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With Microsoft's April 2017 Patch Tuesday release, the company has officially ditched its familiar security bulletin format in favor of the new Security Update Guide, but there have been some growing pains with the changes.
The biggest change is the switch from bulletin updates, which grouped fixes by product, to the Security Update Guide, which focuses more on the Common Vulnerabilities and Exposures (CVE) being targeted in a specific patch.
Amol Sarwate, director of vulnerability labs at Qualys Inc., said the "new Security Update Guide offers same amount and granularity of information per vulnerability and offers better search capabilities."
"The new setup is geared more toward automation and supports APIs to download information into a structured format," Sarwate told SearchSecurity. "In my opinion, to understand, prioritize and get a holistic view of the monthly updates, organizations now need to create their own scripts or computer programs that perform information crunching."
However, analysts are finding it more difficult to parse the data because of the need to develop new tools while the new Security Update Guide breaks old tools.
Tyler Reguly, manager of Tripwire's vulnerability and exposure research team (VERT), said that the change made it impossible to maintain its alert format.
"When Microsoft launched their security bulletins and introduced the concept of Patch Tuesday, they unknowingly set the gold standard in vendor-customer security communication. Other vendors still struggle to duplicate what Microsoft accomplished years ago," Reguly wrote in a blog post. "The portal, in its current iteration, is not an adequate replacement for security bulletins, but we can hope that Microsoft is taking feedback, listening to security professionals and customers, and working to improve the system to create a solution that far exceeds the previous offering."
Greg Wiseman, senior security researcher at Rapid7, said the Security Update Guide is currently "a bit of a mixed bag, with several improved aspects but also some new pain points," but remained optimistic that the flexibility of the new system is the right way forward.
"The guide lacks a summary listing all the CVEs on a single page, so there's a lot more clicking involved while navigating it. A glitch that will hopefully be fixed soon is the inconsistent way they reference CVEs in the Security Update table, which makes the new search capability less effective," Wiseman told SearchSecurity. "On the other hand, with the new focus on CVEs, Microsoft is providing more detailed information about individual vulnerabilities. The main benefit of the guide for enterprises is the ability to filter and sort by product and severity, which was lacking in the older static bulletin pages. This makes it easier to prioritize critical fixes and ignore products that aren't relevant to the organization."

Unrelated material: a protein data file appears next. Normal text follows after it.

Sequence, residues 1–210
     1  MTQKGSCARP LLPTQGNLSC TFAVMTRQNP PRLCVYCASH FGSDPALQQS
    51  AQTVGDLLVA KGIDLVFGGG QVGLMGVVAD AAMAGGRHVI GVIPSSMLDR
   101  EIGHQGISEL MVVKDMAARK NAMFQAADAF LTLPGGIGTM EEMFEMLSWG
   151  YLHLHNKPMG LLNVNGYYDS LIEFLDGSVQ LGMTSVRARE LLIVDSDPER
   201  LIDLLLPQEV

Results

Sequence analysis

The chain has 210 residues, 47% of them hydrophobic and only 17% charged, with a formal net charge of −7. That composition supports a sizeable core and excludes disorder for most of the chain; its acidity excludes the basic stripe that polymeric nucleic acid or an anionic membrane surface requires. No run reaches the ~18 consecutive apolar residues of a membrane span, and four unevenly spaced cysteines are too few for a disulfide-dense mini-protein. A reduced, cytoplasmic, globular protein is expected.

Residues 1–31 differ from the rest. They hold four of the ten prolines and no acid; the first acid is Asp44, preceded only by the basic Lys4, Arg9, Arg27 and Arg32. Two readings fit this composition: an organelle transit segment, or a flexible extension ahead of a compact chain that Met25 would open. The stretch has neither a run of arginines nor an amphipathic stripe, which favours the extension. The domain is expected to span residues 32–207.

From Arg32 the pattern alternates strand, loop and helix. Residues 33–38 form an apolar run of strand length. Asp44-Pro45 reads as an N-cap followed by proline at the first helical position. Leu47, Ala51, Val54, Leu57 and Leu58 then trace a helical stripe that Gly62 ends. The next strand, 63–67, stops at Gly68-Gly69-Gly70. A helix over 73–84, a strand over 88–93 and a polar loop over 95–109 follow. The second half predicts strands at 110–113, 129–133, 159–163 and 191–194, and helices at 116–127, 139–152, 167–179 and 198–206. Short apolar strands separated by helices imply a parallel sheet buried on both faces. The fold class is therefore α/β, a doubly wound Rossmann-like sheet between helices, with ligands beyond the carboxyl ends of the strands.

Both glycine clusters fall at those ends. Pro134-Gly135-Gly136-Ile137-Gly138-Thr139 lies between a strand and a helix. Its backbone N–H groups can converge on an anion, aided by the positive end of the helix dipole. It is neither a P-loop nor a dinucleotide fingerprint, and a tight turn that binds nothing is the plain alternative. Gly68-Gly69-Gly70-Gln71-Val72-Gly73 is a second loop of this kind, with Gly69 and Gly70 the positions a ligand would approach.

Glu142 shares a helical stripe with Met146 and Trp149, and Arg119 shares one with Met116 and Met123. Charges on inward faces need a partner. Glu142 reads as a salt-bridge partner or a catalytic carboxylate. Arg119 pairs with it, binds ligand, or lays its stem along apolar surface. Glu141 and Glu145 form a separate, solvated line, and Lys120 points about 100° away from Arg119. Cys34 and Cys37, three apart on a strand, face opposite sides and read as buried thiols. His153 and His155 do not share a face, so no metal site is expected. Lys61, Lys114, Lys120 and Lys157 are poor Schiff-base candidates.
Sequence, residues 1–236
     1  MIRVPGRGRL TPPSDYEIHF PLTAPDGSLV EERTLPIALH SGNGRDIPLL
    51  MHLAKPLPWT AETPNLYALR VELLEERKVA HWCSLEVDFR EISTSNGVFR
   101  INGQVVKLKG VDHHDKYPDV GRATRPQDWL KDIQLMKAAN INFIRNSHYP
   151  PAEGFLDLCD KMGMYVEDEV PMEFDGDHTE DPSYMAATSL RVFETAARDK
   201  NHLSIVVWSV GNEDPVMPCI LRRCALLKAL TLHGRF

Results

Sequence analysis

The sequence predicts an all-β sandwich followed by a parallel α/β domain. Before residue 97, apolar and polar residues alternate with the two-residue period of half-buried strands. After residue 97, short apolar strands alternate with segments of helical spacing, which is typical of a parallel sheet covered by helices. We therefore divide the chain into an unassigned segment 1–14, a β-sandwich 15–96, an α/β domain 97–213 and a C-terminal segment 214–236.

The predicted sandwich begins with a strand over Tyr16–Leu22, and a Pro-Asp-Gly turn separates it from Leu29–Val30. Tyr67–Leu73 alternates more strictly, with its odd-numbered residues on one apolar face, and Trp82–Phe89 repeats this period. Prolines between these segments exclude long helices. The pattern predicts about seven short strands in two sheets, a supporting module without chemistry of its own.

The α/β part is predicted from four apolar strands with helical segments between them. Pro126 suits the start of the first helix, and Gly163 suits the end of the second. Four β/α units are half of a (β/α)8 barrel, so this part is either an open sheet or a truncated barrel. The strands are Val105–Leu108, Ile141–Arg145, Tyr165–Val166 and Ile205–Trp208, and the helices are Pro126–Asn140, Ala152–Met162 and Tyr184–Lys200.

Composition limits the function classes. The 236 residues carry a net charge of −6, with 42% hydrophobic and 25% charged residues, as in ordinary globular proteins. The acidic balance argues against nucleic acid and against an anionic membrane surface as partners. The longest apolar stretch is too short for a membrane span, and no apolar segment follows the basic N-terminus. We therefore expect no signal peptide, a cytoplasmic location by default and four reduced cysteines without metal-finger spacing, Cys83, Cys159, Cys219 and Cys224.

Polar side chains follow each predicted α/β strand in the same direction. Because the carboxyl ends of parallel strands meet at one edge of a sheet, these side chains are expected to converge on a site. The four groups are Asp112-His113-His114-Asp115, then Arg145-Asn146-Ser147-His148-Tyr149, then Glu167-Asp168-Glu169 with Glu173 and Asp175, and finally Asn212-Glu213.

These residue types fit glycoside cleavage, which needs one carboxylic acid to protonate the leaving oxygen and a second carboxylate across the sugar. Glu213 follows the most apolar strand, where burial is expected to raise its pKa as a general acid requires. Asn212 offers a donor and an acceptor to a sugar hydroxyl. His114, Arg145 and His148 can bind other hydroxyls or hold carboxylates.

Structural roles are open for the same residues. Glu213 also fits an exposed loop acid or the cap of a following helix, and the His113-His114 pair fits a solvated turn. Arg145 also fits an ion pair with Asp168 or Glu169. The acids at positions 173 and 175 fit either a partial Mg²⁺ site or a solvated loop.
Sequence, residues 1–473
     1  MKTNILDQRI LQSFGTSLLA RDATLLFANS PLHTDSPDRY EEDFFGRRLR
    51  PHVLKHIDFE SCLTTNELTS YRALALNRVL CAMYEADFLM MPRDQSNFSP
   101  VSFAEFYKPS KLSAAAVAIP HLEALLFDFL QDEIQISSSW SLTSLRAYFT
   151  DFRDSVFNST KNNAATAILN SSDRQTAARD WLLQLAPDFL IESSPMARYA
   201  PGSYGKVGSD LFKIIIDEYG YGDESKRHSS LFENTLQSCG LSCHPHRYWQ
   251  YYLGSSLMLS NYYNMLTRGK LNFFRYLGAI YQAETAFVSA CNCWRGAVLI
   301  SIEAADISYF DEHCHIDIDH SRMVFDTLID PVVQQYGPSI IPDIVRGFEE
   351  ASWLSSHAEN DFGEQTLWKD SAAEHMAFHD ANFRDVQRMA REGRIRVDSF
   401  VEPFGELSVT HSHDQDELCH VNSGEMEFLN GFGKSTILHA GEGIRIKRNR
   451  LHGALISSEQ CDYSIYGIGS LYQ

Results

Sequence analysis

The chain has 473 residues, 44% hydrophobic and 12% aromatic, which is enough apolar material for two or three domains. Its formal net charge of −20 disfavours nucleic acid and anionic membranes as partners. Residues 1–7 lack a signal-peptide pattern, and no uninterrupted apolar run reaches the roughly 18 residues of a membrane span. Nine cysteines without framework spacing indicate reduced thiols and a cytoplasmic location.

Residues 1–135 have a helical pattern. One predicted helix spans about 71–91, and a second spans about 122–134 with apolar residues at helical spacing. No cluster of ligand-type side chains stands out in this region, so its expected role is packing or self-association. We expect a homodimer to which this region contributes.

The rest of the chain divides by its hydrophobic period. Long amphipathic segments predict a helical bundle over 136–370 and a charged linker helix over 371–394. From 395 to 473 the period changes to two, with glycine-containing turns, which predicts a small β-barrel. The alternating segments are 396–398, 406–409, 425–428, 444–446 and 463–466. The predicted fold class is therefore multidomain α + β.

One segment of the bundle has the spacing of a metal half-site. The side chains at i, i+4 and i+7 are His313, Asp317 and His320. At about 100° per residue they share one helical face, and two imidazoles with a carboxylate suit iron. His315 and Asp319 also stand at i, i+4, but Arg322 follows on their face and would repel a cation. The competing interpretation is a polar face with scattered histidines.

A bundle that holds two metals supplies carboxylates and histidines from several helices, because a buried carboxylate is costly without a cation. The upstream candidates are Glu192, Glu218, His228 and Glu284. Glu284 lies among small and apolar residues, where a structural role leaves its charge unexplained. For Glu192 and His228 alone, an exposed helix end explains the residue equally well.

Critical Patch Tuesday releases
Once experts got used to the Security Update Guide they were able to pinpoint a few high-priority zero-day vulnerabilities and critical fixes in the April Patch Tuesday, which contained 45 total vulnerability patches.
Topping the list was a patch for a Microsoft Word zero-day vulnerability (CVE-2017-0199) which was disclosed over the weekend and found being actively exploited in phishing schemes. The issue affects all supported versions of Microsoft Office and is especially dangerous because it could allow an attacker to take full control of a system without making the victim enable macros, as most Word exploits would.
Microsoft also patched a zero-day vulnerability in Internet Explorer (CVE-2017-0210), which is an elevation of privilege flaw in that it "could allow an attacker to access information from one domain and inject it into another domain," according to Microsoft.
The Microsoft Edge browser received a patch (CVE-2017-0203) for a security bypass flaw that has been publicly disclosed, but Microsoft said is "unlikely" to be exploited, as well as three critical vulnerabilities (CVE-2017-0093, CVE-2017-0200, CVE-2017-0205) which could allow attackers to take complete control of the target system.
Experts noted organizations may want to keep an eye on the Hyper-V patches listed in the new Security Update Guide, even though Microsoft didn't specifically call them out in the April Patch Tuesday release notes.
"As IT departments continues to virtualize more and more systems, the number of hypervisors in the enterprise will continue to increase," Reguly wrote on the topic. "A number of Hyper-V vulnerabilities are patched including a pair of Guest OS escapes that could allow authenticated users on a Hyper-V Guest to execute code on the Hyper-V Host."
According to Reguly, another point of confusion in the new Security Update Guide "were two other documents published that look like CVEs but aren't."
"These documents were published [as] document IDs in the details column using the format YYYY-####, this leads to a misunderstanding as the assumption is made that it is the same a CVE (CVE-YYYY-####)," Reguly wrote.
The first such post was 2017-2605, which was a critical "Defense-in-Depth Update for Microsoft Office." Experts pointed this out because a defense-in-depth update usually doesn't carry a critical rating from Microsoft. The fix was aimed at mitigating "limited targeted attacks that could leverage an unpatched vulnerability in the EPS filter" by turning off the EPS filter in Office by default.
The second non-CVE document was 2017-3447, which was the listing for all of the Adobe Flash patches for the month.
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